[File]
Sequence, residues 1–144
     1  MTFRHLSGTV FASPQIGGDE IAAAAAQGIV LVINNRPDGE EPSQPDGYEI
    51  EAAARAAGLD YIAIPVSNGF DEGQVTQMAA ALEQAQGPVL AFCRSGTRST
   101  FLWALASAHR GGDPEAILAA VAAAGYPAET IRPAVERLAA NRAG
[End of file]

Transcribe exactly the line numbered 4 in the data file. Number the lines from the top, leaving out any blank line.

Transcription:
   101  FLWALASAHR GGDPEAILAA VAAAGYPAET IRPAVERLAA NRAG